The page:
Don’t consider yourself a “math person”? According to a team of researchers who study math instruction in the United States, the disconnect could be more of a result of how you were taught than your natural ability.
“For the past 25 years or so, there’s been a growing recognition that students at the middle-school level, in particular, aren’t developing a deep understanding of mathematics,” said Thomas Smith, dean of UC Riverside’s Graduate School of Education. “A big piece of that is because of the way students in the U.S. are taught; current math instruction tends to be highly procedural — as in ‘use these steps to solve these types of problems’ — instead of allowing students to investigate real-life problems and experiment with different types of solution strategies.”
Smith, who arrived at UCR in 2014 from Vanderbilt University, spent eight years collaborating with a team of researchers including Vanderbilt’s Paul Cobb and Erin Henrick and the University of Washington’s Kara Jackson. Throughout the course of their project — titled Middle-school Mathematics and the Institutional Setting of Teaching, or MIST — the researchers partnered with four urban school districts serving a total of 360,000 students.
The goal? “To add value to those districts by providing feedback on what was and wasn’t working in their strategies for improving mathematics instruction, all while testing our own theory of action for instructional improvement based on how things were playing out in schools and districts,” Smith explained.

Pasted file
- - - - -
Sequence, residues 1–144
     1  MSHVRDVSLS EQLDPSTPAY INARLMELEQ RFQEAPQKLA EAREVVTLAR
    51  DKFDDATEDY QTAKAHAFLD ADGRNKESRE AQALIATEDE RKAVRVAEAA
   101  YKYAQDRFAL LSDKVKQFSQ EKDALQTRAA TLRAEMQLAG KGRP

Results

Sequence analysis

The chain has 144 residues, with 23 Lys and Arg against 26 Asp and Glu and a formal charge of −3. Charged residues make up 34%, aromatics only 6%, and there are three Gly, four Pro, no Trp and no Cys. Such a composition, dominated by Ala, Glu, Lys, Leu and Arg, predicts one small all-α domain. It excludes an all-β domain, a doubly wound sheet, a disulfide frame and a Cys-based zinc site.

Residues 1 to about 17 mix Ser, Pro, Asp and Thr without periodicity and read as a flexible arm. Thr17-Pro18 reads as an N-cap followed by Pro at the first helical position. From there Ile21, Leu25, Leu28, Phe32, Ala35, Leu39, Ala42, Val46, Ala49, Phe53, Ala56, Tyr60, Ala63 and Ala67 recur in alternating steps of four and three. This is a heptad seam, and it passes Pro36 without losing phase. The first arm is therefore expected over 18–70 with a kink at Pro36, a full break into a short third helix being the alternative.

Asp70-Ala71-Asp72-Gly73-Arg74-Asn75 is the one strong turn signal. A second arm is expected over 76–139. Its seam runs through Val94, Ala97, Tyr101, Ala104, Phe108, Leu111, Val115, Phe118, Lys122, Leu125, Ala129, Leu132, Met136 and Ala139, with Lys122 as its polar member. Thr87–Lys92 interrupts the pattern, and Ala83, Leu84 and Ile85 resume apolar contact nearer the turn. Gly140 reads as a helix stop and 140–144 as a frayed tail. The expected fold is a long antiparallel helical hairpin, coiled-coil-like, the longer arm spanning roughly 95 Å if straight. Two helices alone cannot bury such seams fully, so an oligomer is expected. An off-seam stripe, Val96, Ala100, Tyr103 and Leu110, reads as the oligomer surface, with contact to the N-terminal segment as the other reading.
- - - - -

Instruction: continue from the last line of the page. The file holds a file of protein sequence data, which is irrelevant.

The researchers hope their findings, published in May by Harvard Education Press in the book “Systems for Instructional Improvement: Creating Coherence From the Classroom to the District Office,” can support school and district leaders in guiding instructional improvement.
Chief among those findings was the importance of empowering teachers through initiatives like professional development, instructional coaching, and peer-to-peer support networks. Smith noted that many types of professional development commonly offered to teachers, such as single-day workshops and summer trainings, fail to have an impact on instruction.
He attributed this to lack of follow-up and support, as well as a disproportionate focus on meeting shorter-term benchmarks — think passing state tests — in lieu of setting goals for long-term improvement.
Alternatively, he explained, districts and schools should approach strengthening math instruction from a “systems perspective” that requires teachers, instructional coaches, and school and district leaders to establish aligned goals and accountability relationships.
“If we want to successfully develop and implement new instructional strategies, the emphasis has to be on the coherence of the system,” Smith said. To help expedite those processes, he and his fellow researchers are now working with teachers and other math educators to develop “practical measures” for instructional improvement.
One technique they’ve employed sees students complete multiple-choice surveys at the end of their classes. The surveys are designed to gauge things like students’ comfort with working in small groups, their impressions of the opportunities they had to share their ideas, and if they feel they learned something useful by sharing with others. Teachers can then use the resulting data to determine whether they should modify the way they structure group work, for example.
“When it comes to teaching, people are often wedded to the ways from which they learned,” Smith added. “But the reality is those ways don’t always help all students learn. Our goal is to support teachers and coaches, as well as school and district leaders, to improve teaching and learning for all students.”